Well, looks as if time did indeed run out for the “same pack of animals” that were following Veidt in an attempt to rob him. This pages layout is identical to page 12 except that it has been turned upside down and there is no circle (or grain of sand) falling anymore.
I dare you to count how many squares there are on this page.
I love Gunda Diner!
I also love the introduction of Miranda. A new character to the Watchmen universe. It’s too bad she o.d’s two pages later.
Again Lee uses the hourglass page layout, made even more significant with the giant clock in Veidt’s room.
Panel 3 = “Cum” joke number 2 in the Before Watchmen series.
Here for the first time Jae Lee incorporates “V’s” in to his drawings.
And it is clear that Veidt is not interested in sex, as I said before. Miranda was simply “something” to help past the time in between plans. He equates her to “wasting time”. I do think that Veidt cares for her, it’s just he has no heart in which to truly love her. He mimics the act of love when he feels he needs to – but it’s all part of the plan, so to speak.
Moloch sure was a busy super villain. Seems like that dude pops up everywhere!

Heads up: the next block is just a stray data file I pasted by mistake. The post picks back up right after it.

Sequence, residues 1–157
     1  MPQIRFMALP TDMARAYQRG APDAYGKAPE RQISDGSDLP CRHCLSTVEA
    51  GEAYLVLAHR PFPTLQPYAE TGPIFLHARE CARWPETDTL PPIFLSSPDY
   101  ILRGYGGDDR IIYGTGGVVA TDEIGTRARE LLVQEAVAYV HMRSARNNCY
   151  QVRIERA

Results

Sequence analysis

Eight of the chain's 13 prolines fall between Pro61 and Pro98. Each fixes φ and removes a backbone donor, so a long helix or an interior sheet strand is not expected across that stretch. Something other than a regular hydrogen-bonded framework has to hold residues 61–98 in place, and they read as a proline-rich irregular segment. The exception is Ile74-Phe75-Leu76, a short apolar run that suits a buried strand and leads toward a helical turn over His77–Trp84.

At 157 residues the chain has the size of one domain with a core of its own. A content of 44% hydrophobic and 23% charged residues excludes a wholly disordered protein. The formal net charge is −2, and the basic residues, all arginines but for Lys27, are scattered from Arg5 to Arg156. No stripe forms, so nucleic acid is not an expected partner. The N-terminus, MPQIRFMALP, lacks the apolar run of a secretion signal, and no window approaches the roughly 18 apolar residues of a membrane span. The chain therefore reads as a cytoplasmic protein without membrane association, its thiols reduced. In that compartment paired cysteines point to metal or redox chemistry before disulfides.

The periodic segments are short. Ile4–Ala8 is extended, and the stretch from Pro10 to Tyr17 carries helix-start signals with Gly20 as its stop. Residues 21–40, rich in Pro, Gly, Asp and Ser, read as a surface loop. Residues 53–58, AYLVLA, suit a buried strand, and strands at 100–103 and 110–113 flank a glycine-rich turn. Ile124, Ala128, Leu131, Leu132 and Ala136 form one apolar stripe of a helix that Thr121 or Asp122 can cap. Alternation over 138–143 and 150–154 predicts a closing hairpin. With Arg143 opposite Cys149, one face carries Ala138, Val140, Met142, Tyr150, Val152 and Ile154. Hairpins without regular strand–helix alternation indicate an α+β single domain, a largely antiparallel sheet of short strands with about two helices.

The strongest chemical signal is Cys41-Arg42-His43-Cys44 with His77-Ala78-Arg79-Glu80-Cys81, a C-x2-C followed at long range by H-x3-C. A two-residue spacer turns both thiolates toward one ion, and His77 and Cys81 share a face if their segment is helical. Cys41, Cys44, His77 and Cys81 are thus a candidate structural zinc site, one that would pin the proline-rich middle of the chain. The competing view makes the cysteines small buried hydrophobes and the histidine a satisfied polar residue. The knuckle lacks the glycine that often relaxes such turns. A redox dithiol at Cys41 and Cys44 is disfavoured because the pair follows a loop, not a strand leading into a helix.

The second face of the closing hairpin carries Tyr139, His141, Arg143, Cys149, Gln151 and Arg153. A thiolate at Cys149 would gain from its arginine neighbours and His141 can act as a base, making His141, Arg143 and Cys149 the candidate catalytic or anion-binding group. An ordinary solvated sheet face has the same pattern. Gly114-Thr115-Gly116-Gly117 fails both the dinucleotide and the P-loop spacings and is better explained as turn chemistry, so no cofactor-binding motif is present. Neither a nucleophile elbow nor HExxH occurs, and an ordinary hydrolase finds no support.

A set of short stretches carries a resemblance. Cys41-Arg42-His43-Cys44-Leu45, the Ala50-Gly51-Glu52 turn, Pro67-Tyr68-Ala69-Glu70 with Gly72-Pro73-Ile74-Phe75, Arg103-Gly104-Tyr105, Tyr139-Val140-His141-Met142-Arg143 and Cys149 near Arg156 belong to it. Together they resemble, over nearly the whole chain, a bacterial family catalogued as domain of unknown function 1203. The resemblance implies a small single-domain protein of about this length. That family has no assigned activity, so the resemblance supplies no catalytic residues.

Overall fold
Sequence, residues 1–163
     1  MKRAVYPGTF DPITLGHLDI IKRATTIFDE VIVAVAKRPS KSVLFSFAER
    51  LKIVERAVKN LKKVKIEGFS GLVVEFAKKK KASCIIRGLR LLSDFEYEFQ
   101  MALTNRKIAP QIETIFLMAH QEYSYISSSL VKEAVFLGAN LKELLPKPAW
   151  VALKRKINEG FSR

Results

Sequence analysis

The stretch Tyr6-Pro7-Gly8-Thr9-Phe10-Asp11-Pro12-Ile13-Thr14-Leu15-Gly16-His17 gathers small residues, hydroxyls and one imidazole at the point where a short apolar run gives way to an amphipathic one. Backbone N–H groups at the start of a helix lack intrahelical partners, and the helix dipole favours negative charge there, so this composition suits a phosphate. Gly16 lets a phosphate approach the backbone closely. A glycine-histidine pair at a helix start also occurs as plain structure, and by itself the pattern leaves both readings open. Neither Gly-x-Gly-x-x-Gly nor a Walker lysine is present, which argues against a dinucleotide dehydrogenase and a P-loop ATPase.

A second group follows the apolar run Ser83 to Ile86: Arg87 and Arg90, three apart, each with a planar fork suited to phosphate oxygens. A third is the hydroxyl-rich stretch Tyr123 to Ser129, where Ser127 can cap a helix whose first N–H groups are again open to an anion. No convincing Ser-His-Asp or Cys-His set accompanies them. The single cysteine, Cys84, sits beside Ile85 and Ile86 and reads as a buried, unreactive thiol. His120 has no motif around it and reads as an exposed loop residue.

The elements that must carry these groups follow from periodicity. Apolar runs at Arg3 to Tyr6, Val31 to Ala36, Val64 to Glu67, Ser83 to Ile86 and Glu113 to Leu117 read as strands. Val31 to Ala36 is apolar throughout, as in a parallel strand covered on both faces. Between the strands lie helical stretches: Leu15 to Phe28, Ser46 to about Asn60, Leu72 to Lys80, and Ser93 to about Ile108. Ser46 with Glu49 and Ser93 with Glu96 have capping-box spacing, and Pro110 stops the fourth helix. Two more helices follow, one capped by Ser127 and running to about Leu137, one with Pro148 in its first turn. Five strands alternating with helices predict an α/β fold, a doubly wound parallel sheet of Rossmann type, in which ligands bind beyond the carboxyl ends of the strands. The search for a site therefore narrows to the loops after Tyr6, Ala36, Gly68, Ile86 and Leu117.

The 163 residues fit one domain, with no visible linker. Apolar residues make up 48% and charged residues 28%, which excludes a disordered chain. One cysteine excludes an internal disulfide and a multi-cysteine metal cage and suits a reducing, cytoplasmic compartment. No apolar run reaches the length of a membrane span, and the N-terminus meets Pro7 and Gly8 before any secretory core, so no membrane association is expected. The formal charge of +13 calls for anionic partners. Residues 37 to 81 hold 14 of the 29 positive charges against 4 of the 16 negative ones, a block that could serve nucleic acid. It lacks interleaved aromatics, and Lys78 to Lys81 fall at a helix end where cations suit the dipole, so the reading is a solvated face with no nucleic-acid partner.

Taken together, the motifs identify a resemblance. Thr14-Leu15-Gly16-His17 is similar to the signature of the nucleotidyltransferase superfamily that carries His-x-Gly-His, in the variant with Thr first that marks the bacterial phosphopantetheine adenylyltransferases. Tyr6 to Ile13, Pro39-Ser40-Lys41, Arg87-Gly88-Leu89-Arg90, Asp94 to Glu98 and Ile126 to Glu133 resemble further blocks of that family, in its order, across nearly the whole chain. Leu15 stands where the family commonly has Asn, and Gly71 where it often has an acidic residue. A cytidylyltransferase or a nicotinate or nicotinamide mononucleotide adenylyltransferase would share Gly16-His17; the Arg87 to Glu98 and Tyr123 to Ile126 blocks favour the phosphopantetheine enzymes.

I like how Lee constructs the panels on this page to mirror that of the syringes that Moloch displays in his coat pocket.
PAGE 21 through 23
So Miranda o.d’s and Veidt swears to get revenge on the people that did this. But did he really love her that much? I don’t so. Again, I think Veidt feels that “this is what I’m suppose to feel and do when something like this happens.” He is almost robotic in his thinking. Like an android trying to figure out why humans cry. I don’t believe Veidt for a second when he says that he wept. I think he is telling a bit of revisionist history – that when anybody listens to these tapes years from now they won’t think him such a cold and uncaring person.
Veidt becomes Ozymandias, which allows him to be larger then life. He is a super hero now – exacting his justice to world (like he did when he was a kid to Jerry). It makes perfect sense for a person like Adrian Veidt to become a super hero. Sure, a part of me believes he did it because he is bored to death. – he will soon retire from the superhero business before any of his other compatriots and reveal his identity.